It was late before Lucas and Mark made it home. Lucas felt tired just thinking of all the work tomorrow. He hung is hat on the peg by the door and turned towards their bedroom. He stopped short, realizing that Mark had sat down by the table. His gaze was distant.
“Pa? Will you tell me about those Indians that you met just after you and Ma got married?”
Lucas couldn’t believe it. It was 30 minutes past Mark’s bedtime, and he wanted to sit here and listen to a story. . . and tomorrow was a school day! Lucas propped his leg on the chair opposite of Mark.
“You did finish that extra homework that you were assigned?”
Mark swallowed, and tried to think of a way out of this, and fast!
“Most of it.”
Lucas raised an eyebrow.
“Say Pa, it’s getting pretty late. I’ll finish it all before breakfast tomorrow, I promise!”
“And who’s going to feed the chicken, and take care of your horse?” Mark just bit his lip.
“That’s what I thought.” Lucas crossed his arms. “I’ll wake you up 30 minutes early tomorrow. You can do your chores first and then the rest of the homework. I don’t want you to be late for school, or be falling asleep during class.” He paused. He thought of Margaret, smiling at his good intentions, but reprimanding him for being too harsh. His face softened as he stepped towards Mark. He put one gigantic hand on the boy’s head, and chuckled.
“You know, I won’t know what to do the day you stop making up excuses to get out of chores!” Lucas ran his hand through Mark’s hair and then rubbed it down the back of his neck.
“Aw shucks Pa, I won’t ever grow out of not liking chores!”
“I bet you won’t!” Lucas picked him up for a giant hug.
Lucy came in the back door, her hands full of groceries. She had a large woven bag over her right shoulder, and a basket in her other hand. She smiled as she set them on the counter.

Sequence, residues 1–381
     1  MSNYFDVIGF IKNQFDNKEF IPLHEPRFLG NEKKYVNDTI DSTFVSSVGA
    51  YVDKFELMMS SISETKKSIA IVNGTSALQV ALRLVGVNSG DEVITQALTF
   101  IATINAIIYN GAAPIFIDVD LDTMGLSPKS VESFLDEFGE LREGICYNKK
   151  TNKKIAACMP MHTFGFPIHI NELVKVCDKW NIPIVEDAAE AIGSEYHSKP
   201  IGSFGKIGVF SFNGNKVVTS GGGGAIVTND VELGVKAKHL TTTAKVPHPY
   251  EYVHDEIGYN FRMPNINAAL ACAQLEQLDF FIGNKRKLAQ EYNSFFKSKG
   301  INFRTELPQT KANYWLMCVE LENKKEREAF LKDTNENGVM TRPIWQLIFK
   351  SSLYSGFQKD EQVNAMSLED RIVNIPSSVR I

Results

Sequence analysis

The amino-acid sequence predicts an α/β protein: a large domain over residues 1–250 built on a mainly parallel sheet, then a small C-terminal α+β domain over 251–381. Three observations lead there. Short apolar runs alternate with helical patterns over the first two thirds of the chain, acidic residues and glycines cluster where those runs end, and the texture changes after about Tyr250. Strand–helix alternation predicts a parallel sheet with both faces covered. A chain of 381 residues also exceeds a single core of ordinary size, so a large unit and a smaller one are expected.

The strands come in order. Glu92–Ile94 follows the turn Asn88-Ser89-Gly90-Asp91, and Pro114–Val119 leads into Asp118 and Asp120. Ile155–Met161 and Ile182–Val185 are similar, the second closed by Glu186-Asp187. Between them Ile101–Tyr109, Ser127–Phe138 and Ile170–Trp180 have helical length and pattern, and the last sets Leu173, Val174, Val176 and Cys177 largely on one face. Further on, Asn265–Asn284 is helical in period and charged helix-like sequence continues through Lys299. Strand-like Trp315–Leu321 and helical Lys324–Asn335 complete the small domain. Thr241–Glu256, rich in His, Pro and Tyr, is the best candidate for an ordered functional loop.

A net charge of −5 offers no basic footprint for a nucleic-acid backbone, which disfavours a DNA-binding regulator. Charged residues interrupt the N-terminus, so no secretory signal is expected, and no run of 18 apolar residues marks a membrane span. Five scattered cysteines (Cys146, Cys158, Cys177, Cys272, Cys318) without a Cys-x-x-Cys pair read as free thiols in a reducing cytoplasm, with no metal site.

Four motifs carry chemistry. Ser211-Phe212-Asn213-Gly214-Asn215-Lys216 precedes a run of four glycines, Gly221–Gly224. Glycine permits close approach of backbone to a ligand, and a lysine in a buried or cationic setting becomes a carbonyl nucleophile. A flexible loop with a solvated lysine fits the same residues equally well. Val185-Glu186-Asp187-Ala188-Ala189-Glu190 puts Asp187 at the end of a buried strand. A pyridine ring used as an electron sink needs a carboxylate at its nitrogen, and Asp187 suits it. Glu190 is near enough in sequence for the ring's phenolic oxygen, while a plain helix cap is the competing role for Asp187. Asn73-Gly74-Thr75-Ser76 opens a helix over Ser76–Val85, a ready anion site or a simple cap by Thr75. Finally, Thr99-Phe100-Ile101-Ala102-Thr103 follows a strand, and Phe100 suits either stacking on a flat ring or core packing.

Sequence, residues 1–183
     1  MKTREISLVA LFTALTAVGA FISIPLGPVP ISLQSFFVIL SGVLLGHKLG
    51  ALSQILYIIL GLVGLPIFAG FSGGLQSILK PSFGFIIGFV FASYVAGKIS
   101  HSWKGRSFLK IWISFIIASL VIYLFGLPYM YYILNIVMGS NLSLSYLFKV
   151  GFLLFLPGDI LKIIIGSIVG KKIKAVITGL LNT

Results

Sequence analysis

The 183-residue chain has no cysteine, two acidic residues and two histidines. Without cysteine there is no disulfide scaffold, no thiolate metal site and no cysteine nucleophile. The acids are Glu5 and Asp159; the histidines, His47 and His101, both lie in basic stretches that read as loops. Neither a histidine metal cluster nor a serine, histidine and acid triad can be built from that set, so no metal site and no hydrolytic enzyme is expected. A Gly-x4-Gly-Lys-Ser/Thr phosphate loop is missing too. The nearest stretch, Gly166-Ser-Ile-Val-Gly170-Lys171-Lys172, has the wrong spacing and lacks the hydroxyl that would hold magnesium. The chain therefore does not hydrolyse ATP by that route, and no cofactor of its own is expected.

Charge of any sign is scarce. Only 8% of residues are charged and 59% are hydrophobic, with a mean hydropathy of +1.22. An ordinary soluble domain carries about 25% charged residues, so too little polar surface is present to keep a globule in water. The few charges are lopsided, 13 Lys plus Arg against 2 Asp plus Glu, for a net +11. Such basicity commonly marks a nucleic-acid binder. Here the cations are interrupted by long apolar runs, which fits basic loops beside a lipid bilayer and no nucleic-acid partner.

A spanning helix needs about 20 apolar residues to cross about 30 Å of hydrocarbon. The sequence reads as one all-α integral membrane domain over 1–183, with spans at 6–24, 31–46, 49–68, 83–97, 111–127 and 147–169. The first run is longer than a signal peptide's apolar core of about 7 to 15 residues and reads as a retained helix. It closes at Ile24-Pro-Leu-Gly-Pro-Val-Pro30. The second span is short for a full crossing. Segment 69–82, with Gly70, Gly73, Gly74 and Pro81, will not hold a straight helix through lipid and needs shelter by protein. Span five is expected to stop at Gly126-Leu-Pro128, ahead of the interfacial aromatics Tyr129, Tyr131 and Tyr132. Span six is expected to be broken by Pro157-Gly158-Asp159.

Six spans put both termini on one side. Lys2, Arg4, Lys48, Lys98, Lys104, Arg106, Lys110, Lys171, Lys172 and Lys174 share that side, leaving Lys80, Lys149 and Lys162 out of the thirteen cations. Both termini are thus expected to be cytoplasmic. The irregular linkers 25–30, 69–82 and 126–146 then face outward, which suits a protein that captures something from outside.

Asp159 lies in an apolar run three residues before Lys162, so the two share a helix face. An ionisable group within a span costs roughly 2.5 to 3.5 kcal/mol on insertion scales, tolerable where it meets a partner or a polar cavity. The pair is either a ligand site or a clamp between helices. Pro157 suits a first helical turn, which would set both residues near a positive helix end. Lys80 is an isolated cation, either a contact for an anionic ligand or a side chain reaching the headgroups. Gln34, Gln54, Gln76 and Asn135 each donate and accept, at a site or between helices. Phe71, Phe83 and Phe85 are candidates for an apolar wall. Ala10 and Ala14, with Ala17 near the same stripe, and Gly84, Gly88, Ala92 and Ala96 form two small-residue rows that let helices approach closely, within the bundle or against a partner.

“I was able to find everything on the list. The lady there was quite helpful. She even went to the back to find just what I needed.”
“Thank you so much. I just have so many things to do, I would have never been able to make it to the store.” Eliza hurriedly took things out of the bag and put them away. She stopped a moment.
“Where did you get the bag?”
“I made it.” Lucy smiled, proud of her work. “Our people had to be able to make their own supplies. I can make bags, baskets, clothes of all sizes, and many other things. I will make for you a similar bag, if you wish.”
“I would like that very much.”
Eliza turned, hearing a noise, and saw Lucas coming into the kitchen. He took off his hat and nodded to both of them.
“What are you doing here Lucas?”
“Oh well I came into town for some supplies, and I wondered if you needed anything over at the store.”
Eliza stifled a laugh. “Well thank you very much, but Lucy just got everything I needed.”
Lucas muttered something under his breath. Then he flashed one of his broad smiles.
“The work is going really well. I think Russell is really encouraged. I’d best be going soon . . .”
Eliza interrupted as she remembered something.
“Luke, where’s Mark? He said that he would stop by and help out after school?”
Lucas lowered his head and coughed.
“Yes well, he somehow managed to get out of doing some of his homework, so his teacher made him stay late and finish there at school.”